Abstract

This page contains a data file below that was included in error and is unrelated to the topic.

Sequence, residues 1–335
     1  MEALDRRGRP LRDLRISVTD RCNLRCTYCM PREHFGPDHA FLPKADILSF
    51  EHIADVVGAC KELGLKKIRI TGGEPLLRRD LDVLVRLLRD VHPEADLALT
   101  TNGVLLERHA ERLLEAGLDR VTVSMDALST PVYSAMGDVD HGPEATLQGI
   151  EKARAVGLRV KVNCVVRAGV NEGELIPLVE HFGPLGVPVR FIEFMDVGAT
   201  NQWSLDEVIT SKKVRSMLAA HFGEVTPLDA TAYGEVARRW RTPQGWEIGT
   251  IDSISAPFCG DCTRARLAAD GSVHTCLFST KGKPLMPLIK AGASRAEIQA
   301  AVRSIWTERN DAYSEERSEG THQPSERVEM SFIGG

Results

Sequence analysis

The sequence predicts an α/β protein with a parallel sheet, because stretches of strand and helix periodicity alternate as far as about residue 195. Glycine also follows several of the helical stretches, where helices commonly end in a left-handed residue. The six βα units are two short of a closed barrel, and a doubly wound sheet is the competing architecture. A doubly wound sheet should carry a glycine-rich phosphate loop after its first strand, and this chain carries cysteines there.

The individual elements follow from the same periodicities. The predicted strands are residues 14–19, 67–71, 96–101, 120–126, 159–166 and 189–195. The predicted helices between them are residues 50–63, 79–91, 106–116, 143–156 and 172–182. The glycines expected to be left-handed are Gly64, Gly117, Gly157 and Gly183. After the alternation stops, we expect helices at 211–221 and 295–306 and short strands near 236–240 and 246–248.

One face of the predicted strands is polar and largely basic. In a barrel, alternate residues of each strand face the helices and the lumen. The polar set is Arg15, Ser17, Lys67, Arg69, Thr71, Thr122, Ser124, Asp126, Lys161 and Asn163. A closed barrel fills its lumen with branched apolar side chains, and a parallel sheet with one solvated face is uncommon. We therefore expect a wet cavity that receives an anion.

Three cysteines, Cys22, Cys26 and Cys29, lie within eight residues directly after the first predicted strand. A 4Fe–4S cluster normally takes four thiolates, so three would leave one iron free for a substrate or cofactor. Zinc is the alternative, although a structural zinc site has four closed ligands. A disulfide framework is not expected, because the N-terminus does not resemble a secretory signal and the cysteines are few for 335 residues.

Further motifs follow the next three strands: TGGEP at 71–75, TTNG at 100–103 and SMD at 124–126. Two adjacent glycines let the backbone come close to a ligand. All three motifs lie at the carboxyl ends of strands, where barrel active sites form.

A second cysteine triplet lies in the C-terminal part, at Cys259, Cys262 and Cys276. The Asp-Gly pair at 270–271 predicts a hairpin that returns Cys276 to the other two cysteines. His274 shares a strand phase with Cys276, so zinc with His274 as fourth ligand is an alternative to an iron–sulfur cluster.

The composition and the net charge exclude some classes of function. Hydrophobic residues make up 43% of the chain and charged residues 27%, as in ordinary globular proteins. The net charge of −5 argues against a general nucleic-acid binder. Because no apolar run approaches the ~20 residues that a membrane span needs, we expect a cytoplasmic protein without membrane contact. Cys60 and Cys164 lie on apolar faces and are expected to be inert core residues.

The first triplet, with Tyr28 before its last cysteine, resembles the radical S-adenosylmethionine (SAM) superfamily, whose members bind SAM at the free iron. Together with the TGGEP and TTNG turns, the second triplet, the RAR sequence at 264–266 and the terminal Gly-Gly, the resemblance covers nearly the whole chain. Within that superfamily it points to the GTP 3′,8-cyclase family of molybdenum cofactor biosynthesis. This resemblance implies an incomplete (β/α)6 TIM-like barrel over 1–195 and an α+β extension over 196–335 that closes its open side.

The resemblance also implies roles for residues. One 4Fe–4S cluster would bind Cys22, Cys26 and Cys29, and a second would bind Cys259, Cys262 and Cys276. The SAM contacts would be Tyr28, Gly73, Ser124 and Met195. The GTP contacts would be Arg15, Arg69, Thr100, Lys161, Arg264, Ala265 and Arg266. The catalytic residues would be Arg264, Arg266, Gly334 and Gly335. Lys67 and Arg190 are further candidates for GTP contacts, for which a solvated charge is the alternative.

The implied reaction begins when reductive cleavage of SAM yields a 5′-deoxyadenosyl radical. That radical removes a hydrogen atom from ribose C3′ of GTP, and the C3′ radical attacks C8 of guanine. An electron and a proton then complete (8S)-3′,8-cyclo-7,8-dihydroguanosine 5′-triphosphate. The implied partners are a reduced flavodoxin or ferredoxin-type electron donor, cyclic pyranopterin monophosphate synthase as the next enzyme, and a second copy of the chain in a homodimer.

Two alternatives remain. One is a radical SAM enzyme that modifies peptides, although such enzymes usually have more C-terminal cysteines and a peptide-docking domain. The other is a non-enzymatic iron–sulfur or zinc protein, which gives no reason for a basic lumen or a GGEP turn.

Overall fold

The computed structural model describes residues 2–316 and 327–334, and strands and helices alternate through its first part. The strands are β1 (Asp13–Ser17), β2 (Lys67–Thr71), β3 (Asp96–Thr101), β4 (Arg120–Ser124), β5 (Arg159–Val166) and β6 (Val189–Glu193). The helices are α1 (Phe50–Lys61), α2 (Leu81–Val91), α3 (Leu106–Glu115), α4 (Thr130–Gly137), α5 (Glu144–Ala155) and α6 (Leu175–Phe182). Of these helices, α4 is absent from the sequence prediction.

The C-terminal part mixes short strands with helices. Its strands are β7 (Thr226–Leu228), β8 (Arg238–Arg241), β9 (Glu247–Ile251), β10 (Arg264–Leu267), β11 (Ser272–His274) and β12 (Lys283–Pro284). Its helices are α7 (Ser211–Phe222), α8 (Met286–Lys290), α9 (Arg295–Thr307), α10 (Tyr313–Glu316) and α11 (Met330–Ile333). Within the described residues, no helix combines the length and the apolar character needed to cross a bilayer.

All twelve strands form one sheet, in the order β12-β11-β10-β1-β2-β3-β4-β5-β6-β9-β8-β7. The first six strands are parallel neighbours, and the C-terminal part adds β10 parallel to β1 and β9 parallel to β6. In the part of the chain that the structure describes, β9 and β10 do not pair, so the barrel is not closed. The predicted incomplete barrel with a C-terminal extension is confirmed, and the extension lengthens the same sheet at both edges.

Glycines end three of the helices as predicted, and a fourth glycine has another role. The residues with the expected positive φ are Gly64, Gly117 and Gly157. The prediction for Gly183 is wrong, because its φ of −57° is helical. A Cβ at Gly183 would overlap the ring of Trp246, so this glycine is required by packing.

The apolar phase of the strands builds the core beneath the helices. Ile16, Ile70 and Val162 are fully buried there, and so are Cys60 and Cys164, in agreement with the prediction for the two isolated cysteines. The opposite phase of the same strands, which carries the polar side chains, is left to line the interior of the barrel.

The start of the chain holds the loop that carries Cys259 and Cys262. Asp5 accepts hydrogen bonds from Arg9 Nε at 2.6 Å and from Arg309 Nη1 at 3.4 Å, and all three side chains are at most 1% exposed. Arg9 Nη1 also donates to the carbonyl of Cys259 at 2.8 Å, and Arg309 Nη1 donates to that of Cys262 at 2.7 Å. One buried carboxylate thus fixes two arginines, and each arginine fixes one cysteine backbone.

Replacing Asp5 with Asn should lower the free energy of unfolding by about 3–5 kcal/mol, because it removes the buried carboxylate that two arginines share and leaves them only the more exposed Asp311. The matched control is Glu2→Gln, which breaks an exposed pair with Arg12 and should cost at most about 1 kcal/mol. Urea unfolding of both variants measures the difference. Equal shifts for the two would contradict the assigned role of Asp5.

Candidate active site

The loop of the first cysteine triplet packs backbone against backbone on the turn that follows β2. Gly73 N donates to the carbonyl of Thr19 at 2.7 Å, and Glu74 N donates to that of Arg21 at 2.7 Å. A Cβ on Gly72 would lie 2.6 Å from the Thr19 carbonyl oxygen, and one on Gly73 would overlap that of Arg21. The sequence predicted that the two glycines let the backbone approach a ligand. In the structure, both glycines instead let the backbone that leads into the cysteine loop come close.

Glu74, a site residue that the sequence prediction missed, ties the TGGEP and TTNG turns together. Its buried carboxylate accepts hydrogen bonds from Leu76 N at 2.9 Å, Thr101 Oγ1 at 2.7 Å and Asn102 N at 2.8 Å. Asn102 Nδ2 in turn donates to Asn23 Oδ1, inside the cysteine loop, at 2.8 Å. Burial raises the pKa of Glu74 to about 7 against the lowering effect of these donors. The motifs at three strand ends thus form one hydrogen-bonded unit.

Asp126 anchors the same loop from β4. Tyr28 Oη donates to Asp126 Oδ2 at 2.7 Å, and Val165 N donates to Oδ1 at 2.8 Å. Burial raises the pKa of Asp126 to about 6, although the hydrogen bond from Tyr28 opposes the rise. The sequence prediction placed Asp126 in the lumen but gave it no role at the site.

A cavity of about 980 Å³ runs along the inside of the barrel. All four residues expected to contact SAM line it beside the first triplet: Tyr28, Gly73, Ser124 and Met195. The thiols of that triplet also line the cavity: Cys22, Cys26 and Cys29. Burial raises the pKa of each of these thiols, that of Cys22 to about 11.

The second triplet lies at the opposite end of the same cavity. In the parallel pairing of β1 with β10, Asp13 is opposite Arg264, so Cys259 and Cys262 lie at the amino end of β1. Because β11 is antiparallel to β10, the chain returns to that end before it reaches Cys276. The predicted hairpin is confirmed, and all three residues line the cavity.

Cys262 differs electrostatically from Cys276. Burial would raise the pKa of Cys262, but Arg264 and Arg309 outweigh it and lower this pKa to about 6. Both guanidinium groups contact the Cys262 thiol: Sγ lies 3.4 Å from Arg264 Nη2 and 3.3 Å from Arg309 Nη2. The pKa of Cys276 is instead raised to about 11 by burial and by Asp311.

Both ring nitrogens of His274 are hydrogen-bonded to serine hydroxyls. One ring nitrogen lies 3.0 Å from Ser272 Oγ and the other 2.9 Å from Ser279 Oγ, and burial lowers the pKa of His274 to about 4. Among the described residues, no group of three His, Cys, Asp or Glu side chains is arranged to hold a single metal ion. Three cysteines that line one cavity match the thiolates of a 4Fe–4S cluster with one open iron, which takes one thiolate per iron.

Some conditions present in unconventional wells, such as high abrasives content, high gas-liquid ratios, and high temperatures, are detrimental to the bearing systems of an electric submersible pump (ESP) because they decrease system run-life. A testing regimen was conducted using a slurry loop (a specially designed flow loop capable of handling fluid with high sand content) to examine the effects of fluid with high abrasives content on pump wear and using an industrial oven to examine temperature effects on bearings and bearing materials. Controlled variables during testing included bearing material, assembly methods, component features, build configurations, flow rate, and thrust loads. Testing produced statistics on the properties of industry-standard bearing materials and data on the performance of bearings and bushing retention in high abrasive and high temperature environments, resulting in the development of a model of bushing retention. Testing of modifications to the bearing systems resulted in a change in bearing materials and a patented (Nowitzki and Roberts 2016)high thermal expansion material (HTEM) bushing retention system that, respectively, increased bearing abrasive resistance sixfold and reduced the occurrence of bushing migration in high temperature environments from 90.3 to 10% of the population.

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